Lifeblue - Heifer Hack Week - Heifer International Value Chain

What struck me most during the tours and meetings we have been attending here is Heifer’s mission statement; it’s so much broader than I had ever really thought about. I only knew they helped distribute livestock to people in need as a way of improving their lives. Cows provide milk and meat and a hide - I could see how that could help a poor family eat or even create a business.

But it’s so much more than that; Heifer’s actual goal is to actually end poverty and hunger worldwide.

Not just lessen it. Not just help with it. End it.

That means that they are doing a whole lot more than just distributing a goat or cow to a person in a third-world country. They are helping people think through business strategies. They are educating people on best farming practices. They are counseling people to give them the hope and motivation to believe that they can do things.

They are empowering people to better their own lives. I have heard several people talk about not just giving people a hand out, but a hand up. They want to go in and provide resources that will last. They want to equip people to make it on their own long after Heifer leaves that country.

Heifer’s main strategy to help people do this has to do with the value chain. Don’t know what that is? Neither did I.

Heifer's value chain has to do with the gap between the wage that, for example, a farmer gets and the wage they could be getting if they were better trained and had more access to resources. Here is my very, very basic explanation of Heifer’s value chain model (disclaimer: I don’t know any of the real prices for coffee in this example. I have completely made them all up.)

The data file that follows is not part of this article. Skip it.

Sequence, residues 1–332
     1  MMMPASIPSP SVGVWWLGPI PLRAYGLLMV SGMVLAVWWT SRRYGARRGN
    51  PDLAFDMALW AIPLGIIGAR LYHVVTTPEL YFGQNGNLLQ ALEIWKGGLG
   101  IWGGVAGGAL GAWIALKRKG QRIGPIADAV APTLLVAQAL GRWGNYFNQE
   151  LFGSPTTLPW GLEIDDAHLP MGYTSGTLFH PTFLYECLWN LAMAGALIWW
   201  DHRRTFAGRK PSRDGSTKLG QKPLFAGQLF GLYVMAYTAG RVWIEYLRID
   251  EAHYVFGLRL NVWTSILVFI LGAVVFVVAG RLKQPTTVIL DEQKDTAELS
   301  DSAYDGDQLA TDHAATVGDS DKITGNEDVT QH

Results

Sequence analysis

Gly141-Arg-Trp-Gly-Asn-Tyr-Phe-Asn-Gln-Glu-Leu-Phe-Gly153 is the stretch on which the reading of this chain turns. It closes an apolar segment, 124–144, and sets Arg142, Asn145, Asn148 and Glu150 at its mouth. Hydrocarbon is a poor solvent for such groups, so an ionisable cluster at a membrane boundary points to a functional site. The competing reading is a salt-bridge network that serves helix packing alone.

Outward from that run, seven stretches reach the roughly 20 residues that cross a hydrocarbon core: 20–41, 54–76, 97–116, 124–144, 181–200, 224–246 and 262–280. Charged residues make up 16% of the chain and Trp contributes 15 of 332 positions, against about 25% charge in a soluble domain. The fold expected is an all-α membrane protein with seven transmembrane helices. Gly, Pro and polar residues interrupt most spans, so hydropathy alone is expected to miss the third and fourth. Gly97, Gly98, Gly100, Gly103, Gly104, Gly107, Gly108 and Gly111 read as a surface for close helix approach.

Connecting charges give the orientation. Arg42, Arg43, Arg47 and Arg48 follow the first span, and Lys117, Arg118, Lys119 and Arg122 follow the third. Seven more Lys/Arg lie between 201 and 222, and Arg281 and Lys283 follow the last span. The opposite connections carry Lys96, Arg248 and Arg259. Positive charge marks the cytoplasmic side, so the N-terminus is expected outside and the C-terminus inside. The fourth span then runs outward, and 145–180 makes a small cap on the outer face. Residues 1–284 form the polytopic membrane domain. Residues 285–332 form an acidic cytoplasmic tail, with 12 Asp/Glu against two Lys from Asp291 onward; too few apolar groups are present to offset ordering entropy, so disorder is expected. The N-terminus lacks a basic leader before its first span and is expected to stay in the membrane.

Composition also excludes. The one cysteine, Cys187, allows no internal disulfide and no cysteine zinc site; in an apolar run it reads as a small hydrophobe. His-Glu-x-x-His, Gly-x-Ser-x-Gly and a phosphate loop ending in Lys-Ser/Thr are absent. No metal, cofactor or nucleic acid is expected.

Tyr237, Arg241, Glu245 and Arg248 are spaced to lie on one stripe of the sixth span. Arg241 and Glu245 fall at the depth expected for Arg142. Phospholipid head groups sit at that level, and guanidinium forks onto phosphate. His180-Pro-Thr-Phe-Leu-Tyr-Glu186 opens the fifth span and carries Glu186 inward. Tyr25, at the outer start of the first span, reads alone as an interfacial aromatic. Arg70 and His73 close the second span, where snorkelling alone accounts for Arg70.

If we have a farmer who is growing coffee beans and making 7 cents a pound when he sells them to the next place (we’ll call that Company #1).

Company #1 sorts and dries them, then sells them to Company #2 for a little bit of a markup (maybe ten cents a pound for example).

Company #2 then roasts the beans and sells them to Company #3 (maybe a “Folgers") for 25 cents a pound. Company #3 can package those roasted beans up and sell them to me for a huge markup, like $10 a pound.

If we can train and equip our Farmer to sort, dry, and roast the beans, now he is able to sell those beans to Company #3 instead of Company #1, so his 7 cents per pound just went up to 25 cents per pound.

In order to cut out those middle steps and increase profit to the people in poverty, Heifer can help the farmer team up with others in the community to accomplish these steps and start competing in the marketplace. This increases the standard of living of the whole area. Heifer can then leave that area and the people are equipped to continue this improvement on their own.

Here is a graphic we created to help visualize the model...

The Heifer Value Chain Model

Heifer International is doing this type of work for all types of farmers across the world, every day. From milk to coffee, Heifer is helping communities empower themselves to creating long term, sustainable change. Sounds like a solid plan right?  As always you can find out more by visiting  You can also read some stories from the field and see the value chain in action by reading their blog or going to When Cows Fly.